Essay On Forced Military Service

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How to survive the forced military service (part 1)
How to find joy and relief under harsh realities
Compulsory military service
I was born in South Korea — NOT where the mighty leader Kim Jong-un holds his mandatory Pyongyang dance party — and raised at a boarding school in California since age 12.
Although I had spent most of my life in the United States, I was (and still am) proud of my cultural heritage. But as much as I liked my identity as a Korean citizen, it bothered me that I was most likely going to be forced to serve in the Korean military for approximately 2 years.
The practice of enforcing people by law to serve in the armed forces is called the conscription act, also commonly known as the draft. According to the CIA’s The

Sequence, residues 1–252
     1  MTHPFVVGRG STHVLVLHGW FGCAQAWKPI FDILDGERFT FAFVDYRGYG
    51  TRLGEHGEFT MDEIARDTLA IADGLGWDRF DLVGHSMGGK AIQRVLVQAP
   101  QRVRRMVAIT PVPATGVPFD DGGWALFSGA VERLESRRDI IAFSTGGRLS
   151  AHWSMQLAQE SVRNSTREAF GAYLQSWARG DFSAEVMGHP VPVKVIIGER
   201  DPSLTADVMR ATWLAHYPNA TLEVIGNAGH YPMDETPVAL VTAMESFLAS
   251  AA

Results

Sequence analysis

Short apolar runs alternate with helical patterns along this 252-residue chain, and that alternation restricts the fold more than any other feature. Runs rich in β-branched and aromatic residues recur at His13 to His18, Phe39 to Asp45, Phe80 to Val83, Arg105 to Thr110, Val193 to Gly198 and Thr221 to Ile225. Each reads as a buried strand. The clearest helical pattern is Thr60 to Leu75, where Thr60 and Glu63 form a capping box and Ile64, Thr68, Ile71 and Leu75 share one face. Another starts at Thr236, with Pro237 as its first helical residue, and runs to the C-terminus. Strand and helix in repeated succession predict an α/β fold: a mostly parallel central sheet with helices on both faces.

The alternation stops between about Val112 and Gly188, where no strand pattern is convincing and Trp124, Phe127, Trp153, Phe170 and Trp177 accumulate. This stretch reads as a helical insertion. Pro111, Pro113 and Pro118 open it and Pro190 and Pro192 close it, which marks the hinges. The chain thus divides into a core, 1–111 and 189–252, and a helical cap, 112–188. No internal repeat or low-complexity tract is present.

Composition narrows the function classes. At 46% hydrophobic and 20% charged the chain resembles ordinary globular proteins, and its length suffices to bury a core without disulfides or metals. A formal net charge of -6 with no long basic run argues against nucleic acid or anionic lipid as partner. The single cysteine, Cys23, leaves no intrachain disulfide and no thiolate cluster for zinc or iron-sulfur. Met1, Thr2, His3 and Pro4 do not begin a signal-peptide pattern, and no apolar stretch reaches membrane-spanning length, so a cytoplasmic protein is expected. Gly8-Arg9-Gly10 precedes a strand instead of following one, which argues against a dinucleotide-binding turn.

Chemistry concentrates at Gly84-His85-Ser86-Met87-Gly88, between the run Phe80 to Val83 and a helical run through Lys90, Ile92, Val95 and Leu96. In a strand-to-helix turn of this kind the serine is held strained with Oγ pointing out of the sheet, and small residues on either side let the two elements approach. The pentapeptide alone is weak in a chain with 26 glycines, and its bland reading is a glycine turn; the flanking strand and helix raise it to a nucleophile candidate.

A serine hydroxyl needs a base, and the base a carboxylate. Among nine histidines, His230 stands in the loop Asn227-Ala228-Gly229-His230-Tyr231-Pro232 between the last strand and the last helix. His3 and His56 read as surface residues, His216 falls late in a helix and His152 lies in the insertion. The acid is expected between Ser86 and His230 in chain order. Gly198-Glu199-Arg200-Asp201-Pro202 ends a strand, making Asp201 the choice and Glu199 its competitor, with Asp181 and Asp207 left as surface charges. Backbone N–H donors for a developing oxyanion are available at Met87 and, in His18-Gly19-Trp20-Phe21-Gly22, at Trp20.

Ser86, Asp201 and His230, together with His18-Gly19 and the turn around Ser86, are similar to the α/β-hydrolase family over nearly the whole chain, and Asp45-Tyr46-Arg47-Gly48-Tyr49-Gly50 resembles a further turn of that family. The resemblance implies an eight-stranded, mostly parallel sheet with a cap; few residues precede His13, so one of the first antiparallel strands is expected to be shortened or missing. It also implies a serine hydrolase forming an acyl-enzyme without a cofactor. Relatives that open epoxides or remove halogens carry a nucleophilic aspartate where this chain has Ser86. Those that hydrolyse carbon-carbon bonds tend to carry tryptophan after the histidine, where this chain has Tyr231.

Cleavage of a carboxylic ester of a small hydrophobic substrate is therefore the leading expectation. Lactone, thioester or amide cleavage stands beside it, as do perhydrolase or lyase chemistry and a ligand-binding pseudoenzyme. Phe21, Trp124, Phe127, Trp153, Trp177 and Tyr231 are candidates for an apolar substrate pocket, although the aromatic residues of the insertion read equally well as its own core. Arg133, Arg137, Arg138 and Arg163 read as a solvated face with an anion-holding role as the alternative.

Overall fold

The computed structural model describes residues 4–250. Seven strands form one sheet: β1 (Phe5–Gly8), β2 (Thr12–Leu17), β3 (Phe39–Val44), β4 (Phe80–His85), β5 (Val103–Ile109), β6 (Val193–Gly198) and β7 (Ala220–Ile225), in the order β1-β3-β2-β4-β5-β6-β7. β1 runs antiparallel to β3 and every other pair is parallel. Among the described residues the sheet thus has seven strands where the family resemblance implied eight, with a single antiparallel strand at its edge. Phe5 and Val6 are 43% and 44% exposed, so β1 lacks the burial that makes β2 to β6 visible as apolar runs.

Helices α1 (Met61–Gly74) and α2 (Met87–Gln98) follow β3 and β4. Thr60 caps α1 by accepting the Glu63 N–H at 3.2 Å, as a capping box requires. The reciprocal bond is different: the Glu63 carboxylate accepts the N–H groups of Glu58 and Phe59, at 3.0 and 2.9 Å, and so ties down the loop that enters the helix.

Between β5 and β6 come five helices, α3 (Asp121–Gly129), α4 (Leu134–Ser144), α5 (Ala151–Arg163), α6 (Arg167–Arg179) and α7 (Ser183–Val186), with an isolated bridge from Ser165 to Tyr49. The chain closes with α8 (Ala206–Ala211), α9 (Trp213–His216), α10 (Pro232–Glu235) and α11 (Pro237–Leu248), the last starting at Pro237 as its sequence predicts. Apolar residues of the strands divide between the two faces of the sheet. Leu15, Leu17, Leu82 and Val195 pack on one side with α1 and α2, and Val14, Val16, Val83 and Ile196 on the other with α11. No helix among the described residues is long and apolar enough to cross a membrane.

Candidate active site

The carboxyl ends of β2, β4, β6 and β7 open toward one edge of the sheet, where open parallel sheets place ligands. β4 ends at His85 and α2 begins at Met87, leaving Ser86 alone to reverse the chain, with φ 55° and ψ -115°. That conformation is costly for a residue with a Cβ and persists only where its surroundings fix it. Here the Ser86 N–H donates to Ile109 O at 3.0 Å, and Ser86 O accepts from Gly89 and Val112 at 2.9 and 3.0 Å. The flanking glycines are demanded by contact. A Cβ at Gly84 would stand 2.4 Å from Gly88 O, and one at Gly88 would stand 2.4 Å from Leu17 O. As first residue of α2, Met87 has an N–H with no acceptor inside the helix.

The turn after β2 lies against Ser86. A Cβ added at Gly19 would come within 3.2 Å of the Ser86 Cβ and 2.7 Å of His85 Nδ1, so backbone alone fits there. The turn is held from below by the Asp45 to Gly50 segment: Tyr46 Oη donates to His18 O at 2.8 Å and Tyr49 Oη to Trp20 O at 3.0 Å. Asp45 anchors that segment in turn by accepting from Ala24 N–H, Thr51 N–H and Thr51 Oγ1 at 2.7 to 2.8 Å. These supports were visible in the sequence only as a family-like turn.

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This allows the country to spend less on military spending and focus more on social welfare and economic growth, whilst making sure the country stays safe from any potential threat or invasion from its crazy northern neighbor.
So there’s a merit to joining the military — proudly serving the country and keeping family and friends safe.
But accepting the reality was shockingly harsh in the year 2010 when I had no choice but to join the military that many conscript candidates called a prison. Okay, let me rephrase that — I did have one choice other than joining the military: To spend time in a prison cell for rejecting the duty of a conscript candidate citizen.
Friends would normally ask how tough the physical training is in the military. But the physical training wasn’t too bad. What makes military life harsh is how the military treats every conscript as if he is a prisoner, deprived of freedom. And often times, there was not a shred of honor.
Without freedom, life was stressful. But I found ways to stay positive. Because of my experiences in the army, I learned important lessons of life and gained
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